Ridge Zeller Therapy’s Sarah Jordan Strong, M.S., CCC-SLP, shares her perspective about the importance of building rapport with her adult patients in this two part blog series. Click here to view Rapport-Building in Adult Speech-Language Therapy, Part 1!
Rapport-Building in Adult Speech-Language Therapy, Part 2
Rapport-building with clients sounds like it should be a piece of cake.
I mean, we’re all pretty nice people and don’t usually go into the helping professions to be a jerk.
While it is true that you can make a lot more money in business or politics, if that’s your personality type, it is extremely rewarding to make a positive change in someone’s life.
To that end, creating a strong therapeutic relationship can take a little more finesse than it might seem. First of all, in a speech therapy rehab setting, the bulk of my caseload consists of stroke patients.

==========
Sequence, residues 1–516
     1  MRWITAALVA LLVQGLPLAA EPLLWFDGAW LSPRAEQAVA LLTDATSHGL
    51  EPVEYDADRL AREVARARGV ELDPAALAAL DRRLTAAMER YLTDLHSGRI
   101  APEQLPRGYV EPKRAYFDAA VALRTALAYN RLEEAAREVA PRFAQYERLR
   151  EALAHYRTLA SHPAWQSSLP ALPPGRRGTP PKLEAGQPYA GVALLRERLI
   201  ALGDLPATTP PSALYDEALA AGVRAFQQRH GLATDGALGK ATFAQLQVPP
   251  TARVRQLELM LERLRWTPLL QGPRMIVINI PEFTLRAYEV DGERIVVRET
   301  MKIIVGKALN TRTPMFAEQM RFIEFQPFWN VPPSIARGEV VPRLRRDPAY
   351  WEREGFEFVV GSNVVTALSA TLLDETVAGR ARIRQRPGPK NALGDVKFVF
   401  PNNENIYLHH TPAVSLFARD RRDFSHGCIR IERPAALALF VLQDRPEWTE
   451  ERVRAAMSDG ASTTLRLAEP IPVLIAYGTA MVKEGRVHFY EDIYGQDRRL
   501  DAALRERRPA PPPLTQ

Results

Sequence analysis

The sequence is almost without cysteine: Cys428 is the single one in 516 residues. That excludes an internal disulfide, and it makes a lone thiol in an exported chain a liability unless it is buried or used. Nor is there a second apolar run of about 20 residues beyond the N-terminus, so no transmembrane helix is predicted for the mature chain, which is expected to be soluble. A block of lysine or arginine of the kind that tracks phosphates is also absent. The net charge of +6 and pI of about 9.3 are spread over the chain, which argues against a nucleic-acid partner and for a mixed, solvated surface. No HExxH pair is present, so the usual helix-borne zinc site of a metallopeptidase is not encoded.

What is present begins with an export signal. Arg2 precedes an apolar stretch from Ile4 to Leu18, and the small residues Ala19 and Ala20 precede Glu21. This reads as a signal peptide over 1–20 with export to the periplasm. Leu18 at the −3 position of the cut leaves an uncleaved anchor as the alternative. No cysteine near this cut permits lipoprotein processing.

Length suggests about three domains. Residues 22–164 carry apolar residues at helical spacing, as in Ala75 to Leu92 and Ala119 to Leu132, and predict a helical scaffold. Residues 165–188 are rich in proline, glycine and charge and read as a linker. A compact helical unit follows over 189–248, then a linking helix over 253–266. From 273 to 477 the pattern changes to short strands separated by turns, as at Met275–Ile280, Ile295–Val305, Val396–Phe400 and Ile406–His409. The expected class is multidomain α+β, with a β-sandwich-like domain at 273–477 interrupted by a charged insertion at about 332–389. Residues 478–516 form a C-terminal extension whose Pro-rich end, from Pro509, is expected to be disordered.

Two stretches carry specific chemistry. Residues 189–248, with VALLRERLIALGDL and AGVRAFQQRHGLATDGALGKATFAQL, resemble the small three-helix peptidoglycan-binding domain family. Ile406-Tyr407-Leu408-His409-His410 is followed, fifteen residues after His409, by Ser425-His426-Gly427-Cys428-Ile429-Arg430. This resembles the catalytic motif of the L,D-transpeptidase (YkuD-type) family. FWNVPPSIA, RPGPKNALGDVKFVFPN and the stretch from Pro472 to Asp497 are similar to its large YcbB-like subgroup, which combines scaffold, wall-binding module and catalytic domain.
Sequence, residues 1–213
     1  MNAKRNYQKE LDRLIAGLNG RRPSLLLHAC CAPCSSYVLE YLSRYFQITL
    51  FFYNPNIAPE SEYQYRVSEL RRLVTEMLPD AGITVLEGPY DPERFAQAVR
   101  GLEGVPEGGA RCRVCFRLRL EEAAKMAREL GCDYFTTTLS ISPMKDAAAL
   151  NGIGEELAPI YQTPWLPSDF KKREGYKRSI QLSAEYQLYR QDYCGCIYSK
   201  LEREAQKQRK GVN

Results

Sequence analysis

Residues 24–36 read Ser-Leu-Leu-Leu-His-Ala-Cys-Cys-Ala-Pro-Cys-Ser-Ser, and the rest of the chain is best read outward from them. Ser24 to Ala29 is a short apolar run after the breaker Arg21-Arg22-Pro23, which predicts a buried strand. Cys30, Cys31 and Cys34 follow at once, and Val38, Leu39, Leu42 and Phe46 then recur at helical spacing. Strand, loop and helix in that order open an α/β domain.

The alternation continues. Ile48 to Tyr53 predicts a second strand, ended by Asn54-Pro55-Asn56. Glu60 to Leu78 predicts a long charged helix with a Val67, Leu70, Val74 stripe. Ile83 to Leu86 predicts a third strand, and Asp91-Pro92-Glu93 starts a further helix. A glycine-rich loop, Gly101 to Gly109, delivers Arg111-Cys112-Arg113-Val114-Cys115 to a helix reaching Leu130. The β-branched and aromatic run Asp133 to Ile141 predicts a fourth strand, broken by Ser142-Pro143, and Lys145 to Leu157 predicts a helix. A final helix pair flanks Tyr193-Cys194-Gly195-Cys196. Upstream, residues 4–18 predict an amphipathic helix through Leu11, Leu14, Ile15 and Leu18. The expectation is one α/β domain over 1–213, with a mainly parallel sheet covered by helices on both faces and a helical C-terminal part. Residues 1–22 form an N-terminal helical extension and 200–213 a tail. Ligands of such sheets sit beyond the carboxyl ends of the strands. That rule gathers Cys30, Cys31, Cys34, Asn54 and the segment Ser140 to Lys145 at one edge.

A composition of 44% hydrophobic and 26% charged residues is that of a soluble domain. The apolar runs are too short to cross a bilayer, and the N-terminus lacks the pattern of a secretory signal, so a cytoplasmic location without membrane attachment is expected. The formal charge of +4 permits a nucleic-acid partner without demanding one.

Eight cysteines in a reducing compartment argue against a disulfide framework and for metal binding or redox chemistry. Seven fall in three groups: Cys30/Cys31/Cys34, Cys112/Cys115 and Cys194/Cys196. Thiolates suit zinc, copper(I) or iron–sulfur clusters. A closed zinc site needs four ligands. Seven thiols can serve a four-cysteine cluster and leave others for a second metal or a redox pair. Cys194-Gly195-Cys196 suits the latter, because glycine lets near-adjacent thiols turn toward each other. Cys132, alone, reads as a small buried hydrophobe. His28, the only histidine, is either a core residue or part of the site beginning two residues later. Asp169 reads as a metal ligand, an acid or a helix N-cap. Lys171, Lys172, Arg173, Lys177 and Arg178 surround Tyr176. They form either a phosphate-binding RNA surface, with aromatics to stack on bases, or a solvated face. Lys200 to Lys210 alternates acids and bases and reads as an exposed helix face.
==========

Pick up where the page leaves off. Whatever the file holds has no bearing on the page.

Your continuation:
Given the demographics of stroke, most of these folks are thirty to sixty years older than me. This means that we might not have much in the way of shared context and our life experiences may have been very different.
Patients within a decade of my age can be even more difficult. Under normal circumstances, we would probably be talking about jobs, kids, pets, TV or where we went for happy hour last Friday.
The fact that we’re instead trying to work on describing daily activities or figuring out a plan for heating up dinner without burning the house down makes the whole interaction somewhat surreal.
All of these challenges are surmountable, though.
It simply requires opening up and sharing a little of yourself honestly. People can smell falsehood a mile away, and a stroke or brain injury doesn’t usually change this fact.
At the same time, you have to police yourself pretty aggressively. Share too much, and you’re dominating the conversation and moving from a therapeutic relationship to an overly personal one.
You also have to pick and choose your topics. For example, I’m interested in politics, but I steer clear of political issues. There’s too much potential for anger and negativity.
Although it takes work to build a strong, warm relationship with patients, I find it well worth the effort.
When I’m able to successfully walk that line between impersonality and over-sharing, I see improved participation in therapy and increased functional communication skills.
I have also learned a great deal from working closely with and learning about people.
It’s truly a win-win undertaking.